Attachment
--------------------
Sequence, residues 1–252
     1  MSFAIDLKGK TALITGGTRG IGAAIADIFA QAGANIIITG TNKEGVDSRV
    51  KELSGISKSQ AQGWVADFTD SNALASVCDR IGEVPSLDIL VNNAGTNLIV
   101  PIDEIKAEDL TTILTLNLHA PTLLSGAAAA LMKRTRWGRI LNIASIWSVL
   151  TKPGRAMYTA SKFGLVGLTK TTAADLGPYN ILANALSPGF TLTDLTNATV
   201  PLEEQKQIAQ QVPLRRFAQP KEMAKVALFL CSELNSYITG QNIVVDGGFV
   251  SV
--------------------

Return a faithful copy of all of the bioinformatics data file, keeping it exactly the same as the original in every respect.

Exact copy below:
Sequence, residues 1–252
     1  MSFAIDLKGK TALITGGTRG IGAAIADIFA QAGANIIITG TNKEGVDSRV
    51  KELSGISKSQ AQGWVADFTD SNALASVCDR IGEVPSLDIL VNNAGTNLIV
   101  PIDEIKAEDL TTILTLNLHA PTLLSGAAAA LMKRTRWGRI LNIASIWSVL
   151  TKPGRAMYTA SKFGLVGLTK TTAADLGPYN ILANALSPGF TLTDLTNATV
   201  PLEEQKQIAQ QVPLRRFAQP KEMAKVALFL CSELNSYITG QNIVVDGGFV
   251  SV